The goal of retirement is to have enough money to live out the rest of your days comfortably. However, what happens if your spending outpaces your retirement income? Statistics are showing that having enough money to rely on for the entirety of retirement can be a challenging feat. According to the Social Security Administration, about one in every four 65-year-olds alive today will live past age 90, and one out of ten will live past 65.
This data means that the average individual will have to have enough money to last for a maximum of thirty-five years potentially. This scenario combined with rising living costs can rapidly drain an individual’s retirement income. However, there are some measures you can take to ensure this doesn’t happen to you. Here are five strategies to help you avoid running out of money during retirement.
Take a Look at Your Current Expenses
Before you create a strategy to preserve your remaining retirement funds, it makes sense to assess your current expenses. It helps to have an idea of the amount of money going out each month, and how it is being used. This method allows you to cut back where you can. For example, do you have a monthly magazine subscription or membership to a gym that you no longer use? Has more money started to go toward eating out or entertainment? Take stock of your expenses so you can cut where you can.
Consider Downsizing your Home
While it may be challenging to consider selling a family home, it may be a good option for adding more money to your retirement. Your home is a valuable asset, and selling it could give you the funds you need to fill out your retirement. Also, the costs of maintaining a larger home can add up. If you are finding that it is hard to handle home repairs and that it has more space than you need, check into downsizing to a smaller house, a condo, or an apartment. Smaller properties can bring about less stress and costs.
Take on a Part-Time Job
The goal of retirement is to step away from the sometimes stressful world of full-time work, but a part-time job can provide a less intense option to bring in some income. Take a look at local part-time jobs that allow you to make some extra money. If you prefer not to leave home, there are tons of work-from-home options that enable you to earn a living remotely. Make sure you find a job that is stress-free, and one that appeals to your skills or hobbies so you can enjoy what you are doing.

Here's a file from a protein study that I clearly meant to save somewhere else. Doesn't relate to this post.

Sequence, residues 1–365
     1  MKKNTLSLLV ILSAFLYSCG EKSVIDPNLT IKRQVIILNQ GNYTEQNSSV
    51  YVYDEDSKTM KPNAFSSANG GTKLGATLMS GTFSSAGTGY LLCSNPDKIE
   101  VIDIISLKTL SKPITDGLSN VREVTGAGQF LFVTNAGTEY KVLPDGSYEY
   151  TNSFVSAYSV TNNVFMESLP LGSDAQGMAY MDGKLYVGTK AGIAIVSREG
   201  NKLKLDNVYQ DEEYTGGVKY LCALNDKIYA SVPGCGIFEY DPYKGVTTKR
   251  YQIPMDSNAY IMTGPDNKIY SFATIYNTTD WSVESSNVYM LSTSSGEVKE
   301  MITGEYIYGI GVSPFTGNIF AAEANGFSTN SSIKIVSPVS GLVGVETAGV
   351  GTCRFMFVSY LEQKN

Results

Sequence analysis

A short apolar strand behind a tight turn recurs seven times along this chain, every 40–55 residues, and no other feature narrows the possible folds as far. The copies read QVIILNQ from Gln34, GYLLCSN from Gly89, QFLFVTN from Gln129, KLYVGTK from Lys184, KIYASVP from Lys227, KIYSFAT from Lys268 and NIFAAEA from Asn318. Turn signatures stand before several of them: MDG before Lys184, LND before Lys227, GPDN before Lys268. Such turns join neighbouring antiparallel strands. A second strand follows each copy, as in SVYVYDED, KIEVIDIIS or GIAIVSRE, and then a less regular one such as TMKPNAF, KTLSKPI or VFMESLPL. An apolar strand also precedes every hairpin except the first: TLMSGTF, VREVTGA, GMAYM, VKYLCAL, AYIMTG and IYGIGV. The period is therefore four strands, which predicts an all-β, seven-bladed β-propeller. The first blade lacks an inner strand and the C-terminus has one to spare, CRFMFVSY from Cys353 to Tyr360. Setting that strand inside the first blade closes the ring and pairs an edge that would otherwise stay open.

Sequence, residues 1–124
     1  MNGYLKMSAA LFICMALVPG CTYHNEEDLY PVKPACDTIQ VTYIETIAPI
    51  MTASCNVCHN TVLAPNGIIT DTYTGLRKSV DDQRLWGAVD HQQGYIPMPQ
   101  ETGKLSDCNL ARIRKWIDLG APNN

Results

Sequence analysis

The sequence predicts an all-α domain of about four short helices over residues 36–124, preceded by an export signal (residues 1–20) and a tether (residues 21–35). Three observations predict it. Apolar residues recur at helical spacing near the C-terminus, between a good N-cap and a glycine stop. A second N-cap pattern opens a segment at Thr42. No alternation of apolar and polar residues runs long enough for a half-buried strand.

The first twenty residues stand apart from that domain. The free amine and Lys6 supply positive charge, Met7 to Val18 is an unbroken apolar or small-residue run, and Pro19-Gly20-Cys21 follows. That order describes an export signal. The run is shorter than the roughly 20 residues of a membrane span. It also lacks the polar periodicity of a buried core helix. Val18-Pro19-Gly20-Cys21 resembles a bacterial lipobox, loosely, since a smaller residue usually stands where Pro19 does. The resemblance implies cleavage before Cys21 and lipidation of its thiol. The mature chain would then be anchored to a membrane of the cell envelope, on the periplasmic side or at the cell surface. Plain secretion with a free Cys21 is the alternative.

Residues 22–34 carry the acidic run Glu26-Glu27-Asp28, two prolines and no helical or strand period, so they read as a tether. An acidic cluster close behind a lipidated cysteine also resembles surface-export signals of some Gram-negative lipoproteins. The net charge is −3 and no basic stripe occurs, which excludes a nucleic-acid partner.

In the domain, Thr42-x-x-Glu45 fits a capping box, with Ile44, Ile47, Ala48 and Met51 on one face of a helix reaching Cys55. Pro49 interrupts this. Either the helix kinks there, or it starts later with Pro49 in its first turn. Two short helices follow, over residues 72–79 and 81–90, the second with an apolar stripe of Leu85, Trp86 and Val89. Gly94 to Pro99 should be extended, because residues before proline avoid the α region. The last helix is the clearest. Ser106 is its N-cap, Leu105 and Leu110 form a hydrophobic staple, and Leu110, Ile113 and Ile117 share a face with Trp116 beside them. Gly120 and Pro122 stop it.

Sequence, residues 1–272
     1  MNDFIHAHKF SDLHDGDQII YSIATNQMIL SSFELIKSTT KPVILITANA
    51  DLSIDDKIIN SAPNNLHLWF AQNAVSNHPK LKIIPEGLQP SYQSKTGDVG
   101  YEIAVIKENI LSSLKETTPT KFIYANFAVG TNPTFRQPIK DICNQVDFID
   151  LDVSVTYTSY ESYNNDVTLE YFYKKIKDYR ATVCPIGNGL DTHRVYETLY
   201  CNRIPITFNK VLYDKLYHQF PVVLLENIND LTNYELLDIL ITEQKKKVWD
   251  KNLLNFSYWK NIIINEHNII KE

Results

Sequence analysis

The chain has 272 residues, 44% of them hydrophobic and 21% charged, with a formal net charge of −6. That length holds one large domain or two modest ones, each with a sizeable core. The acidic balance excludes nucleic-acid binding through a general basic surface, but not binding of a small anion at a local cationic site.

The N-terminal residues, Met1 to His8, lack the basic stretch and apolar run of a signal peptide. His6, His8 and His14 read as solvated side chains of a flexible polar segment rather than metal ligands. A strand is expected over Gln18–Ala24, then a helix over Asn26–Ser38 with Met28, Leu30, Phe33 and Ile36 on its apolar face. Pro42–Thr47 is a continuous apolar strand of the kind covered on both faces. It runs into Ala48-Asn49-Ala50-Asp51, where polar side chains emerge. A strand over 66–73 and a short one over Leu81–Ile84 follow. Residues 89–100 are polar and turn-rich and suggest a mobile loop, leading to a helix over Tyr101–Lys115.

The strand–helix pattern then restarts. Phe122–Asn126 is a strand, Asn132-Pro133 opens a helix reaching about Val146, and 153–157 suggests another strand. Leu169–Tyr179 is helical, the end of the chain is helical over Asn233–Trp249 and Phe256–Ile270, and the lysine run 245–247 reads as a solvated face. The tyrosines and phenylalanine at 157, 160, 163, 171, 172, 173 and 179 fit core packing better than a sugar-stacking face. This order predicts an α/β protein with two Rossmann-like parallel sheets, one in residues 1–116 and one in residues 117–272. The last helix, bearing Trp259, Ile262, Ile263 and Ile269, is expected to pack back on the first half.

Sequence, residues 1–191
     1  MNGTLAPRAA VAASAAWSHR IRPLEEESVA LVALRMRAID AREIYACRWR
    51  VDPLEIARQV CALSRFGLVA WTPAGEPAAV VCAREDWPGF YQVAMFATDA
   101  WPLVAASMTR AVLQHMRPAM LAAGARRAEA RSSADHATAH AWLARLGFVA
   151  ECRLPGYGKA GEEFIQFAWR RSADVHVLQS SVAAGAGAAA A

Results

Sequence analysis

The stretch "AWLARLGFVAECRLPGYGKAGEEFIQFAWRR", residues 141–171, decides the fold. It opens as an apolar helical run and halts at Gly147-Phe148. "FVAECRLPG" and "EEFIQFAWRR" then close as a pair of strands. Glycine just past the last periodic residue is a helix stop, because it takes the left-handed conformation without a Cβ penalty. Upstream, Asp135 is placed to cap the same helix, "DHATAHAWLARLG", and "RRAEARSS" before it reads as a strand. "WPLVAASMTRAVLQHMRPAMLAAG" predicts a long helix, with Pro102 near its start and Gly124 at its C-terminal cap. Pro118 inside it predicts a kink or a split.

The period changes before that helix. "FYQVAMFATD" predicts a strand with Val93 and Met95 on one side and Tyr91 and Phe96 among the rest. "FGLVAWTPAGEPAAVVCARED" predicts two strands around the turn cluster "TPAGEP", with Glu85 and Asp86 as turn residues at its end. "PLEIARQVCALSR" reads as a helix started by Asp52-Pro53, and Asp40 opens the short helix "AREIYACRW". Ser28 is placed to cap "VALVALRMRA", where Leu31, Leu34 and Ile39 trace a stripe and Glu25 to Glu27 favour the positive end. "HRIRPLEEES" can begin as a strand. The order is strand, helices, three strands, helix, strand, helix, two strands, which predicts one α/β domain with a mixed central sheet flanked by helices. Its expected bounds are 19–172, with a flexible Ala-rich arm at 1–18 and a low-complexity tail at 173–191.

Invest for the Purpose of Income
It is true that you should be conservative in your investments during retirement. However, it can help to see if there are properties or innovative business ideas that you can invest in with a high probability for a return. Meet with a personal financial advisor to see which investments can yield a profit over time. The strategy should be to invest for income, so your investments provide you with additional money to live on for years to come.
Create Opportunities for Passive Income
Passive income is an excellent way to supplement your retirement income. Passive income streams usually require less ongoing work than managing a business or working a job. Typically, much of the work occurs on the front-end. For example, if you have specialized knowledge on a topic, consider writing and selling a book. You can live off of the revenue from the sales for as long as individuals buy it. This could also look like creating a money-generating blog, renting out your car, or offering up a spare bedroom in your home. There are a variety of ways to create passive income that lasts for the long-term. While many of these projects may not require much work in the long-term, it is important to remember that passive income streams do require some upkeep.
Understanding that your retirement income is running out faster than expected can be upsetting. You may feel that you did something wrong, but many times this isn’t the case. You may have faced an unexpected financial situation or have experienced a rise in living costs. Fortunately, there are steps you can take to supplement your retirement income. With a combination of strategic thinking, meetings with a financial advisor, and some sacrifice you can avoid running out of your retirement nest egg.